home Customer Experience, People There’s no such thing as Customer or Employee Loyalty

There’s no such thing as Customer or Employee Loyalty

I remember being devastated when I learnt that Santa Claus and the Easter Bunny weren’t real…but as reality set in, I was embarrassed that I’d let myself get fooled for so long. It’s taken me a lot longer to come to terms with the reality that there is no such thing as employee loyalty. At least, not anymore.

The Collins Dictionary’s definition of loyalty: Loyalty is the quality of staying firm in your friendship or support for someone or something

Loyalty is something we can certainly expect from a family member or friend or even a pet. But in this age of continuous disruption, is it really something that companies and brands can expect from employees or customers?

In a different time, employers hired people who stayed with the organisation for their entire careers. In our time, employees average just under three years with a company. In the old paradigm, less choice was available in the market for both employers and employees, and stability was an attainable prize for both parties. In our time, disruption is an everyday occurrence, and stability hinders our quest for experiences.

However, some employers are still focused on employee loyalty. They want to hire someone with a virtual guarantee that this person will stay with the organisation indefinitely. In our time, how is such a guarantee even possible? Employers have to make hard decisions that affect even the most “loyal” of employees, and employees are onto the fact that they’re part of the “family” of the organisation… until the day they’re not.

What employers need to understand is that they really aren’t after “loyalty.” Instead, employers are after a combination of effort and retention. You may think this is just semantics, but the difference in definitions is important. It frames the employer-employee relationship differently and allows us to create a measurable plan to support it.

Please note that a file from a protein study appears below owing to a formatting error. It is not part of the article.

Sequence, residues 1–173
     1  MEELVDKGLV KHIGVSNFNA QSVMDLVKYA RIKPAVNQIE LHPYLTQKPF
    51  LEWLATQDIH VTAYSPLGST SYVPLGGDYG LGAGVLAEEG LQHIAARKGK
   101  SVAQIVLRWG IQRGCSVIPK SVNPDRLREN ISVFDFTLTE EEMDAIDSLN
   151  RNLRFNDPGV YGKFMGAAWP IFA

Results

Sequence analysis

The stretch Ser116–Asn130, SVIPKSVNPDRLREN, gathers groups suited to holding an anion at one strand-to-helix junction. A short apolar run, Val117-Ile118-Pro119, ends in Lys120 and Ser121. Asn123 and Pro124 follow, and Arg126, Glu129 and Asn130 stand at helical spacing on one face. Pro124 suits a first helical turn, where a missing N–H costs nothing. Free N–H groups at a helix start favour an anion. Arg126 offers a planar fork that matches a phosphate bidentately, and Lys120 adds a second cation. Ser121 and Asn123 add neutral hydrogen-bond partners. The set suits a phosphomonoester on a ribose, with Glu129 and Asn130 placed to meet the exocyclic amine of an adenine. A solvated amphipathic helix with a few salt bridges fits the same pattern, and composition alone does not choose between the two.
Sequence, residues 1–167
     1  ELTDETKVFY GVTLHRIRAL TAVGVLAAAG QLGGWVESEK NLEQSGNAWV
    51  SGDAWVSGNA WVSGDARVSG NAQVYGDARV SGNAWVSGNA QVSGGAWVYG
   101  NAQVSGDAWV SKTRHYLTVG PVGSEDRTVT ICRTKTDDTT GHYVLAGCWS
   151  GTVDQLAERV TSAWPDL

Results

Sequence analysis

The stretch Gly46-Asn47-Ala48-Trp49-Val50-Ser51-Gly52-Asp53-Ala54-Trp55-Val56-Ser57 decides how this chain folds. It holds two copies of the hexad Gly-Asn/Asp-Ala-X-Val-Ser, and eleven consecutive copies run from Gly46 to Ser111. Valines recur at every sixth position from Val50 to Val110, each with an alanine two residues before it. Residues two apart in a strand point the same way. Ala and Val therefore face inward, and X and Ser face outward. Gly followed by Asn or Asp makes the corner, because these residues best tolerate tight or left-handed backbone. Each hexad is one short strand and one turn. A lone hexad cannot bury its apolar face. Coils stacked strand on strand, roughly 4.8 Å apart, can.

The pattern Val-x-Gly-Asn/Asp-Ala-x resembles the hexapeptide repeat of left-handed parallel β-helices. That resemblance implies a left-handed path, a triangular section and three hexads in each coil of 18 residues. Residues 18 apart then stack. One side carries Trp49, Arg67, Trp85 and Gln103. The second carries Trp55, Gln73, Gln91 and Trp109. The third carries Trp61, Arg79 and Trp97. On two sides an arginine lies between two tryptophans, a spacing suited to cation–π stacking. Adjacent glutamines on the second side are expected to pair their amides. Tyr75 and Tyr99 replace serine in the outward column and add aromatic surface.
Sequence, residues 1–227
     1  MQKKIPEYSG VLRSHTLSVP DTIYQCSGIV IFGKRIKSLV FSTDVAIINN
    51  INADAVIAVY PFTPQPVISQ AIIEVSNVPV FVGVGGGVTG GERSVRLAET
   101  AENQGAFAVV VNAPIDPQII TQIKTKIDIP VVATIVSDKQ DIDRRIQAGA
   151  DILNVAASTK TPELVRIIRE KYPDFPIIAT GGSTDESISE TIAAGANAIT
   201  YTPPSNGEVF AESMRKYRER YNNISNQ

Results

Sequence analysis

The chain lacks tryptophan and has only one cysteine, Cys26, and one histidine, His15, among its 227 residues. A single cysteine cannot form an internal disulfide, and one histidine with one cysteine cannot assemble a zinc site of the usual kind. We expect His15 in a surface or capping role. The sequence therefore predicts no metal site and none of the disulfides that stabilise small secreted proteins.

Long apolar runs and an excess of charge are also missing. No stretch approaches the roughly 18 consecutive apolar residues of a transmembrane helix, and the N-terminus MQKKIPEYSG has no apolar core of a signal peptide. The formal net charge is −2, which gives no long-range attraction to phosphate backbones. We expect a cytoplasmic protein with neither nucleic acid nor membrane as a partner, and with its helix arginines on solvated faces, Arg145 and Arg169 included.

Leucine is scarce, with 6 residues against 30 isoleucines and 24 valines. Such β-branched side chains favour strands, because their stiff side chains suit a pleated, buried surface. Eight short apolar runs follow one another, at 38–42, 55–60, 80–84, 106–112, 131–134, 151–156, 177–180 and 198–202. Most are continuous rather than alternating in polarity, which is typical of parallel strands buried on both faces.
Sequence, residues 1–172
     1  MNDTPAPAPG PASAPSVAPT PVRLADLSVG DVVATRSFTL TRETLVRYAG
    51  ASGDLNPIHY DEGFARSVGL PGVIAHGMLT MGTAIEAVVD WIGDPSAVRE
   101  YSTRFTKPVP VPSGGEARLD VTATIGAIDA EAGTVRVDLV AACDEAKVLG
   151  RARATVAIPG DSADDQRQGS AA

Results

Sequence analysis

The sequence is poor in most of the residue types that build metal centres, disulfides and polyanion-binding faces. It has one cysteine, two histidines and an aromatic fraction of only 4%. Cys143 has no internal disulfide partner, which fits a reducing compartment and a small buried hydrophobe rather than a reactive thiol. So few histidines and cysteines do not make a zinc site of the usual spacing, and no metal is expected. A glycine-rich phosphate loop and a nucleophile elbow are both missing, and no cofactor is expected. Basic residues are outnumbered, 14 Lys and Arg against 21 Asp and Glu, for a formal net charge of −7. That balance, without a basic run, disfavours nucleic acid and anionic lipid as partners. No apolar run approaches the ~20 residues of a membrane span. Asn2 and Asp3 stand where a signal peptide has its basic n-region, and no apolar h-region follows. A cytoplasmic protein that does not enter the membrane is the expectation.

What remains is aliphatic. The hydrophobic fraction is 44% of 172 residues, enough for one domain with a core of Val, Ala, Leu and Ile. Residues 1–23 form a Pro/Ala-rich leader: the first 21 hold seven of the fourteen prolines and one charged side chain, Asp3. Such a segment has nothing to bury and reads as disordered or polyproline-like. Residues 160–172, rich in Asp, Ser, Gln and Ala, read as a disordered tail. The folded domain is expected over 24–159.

This plan serves both the employer and the employee. Employers are clear about what they want, employees understand what they get for doing it. It also builds better relationships – built on business needs and professional boundaries.

The companies of decades past (before globalisation, mobilsation, social networking, financial crises and private-policital hybrids) may have been able to foster mutually beneficial feelings of loyalty. In today’s reality, loyalty efforts are better focused on targeted retention and effort initiatives.

Customer loyalty is also a fiction

If you can’t expect the people who work for you (ie employees who are financially dependent on you) to be loyal how can you expect loyalty from complete strangers. Customers give brands or products positive reviews or referrals if they have a positive experience with that brand not because of any notions of loyalty. Bad experiences mean bad reviews.

People will remain loyal to family and friends despite negative experiences and arguments. Not so with the brands they buy products and services from. So it’s not loyalty companies should be aiming for but the ability to consistently provide customers with positive experiences. It’s more a matter of having the channels in place to influence people’s behavior for a certain period of time.

Tricia Mikolai

Global Marketing Lead for Energy Exemplar & Principal for Mikolai Consulting. Tricia is an expert in behavioural economics and how it impacts the customer and employee experience. Tricia is responsible for leading multiple successful initiatives to help Fortune 1000 companies drive performance improvement. She is committed to sharing her knowledge and experience with business leaders to help them drive and sustain business results. Currently, she is writing a book on behavioural economics.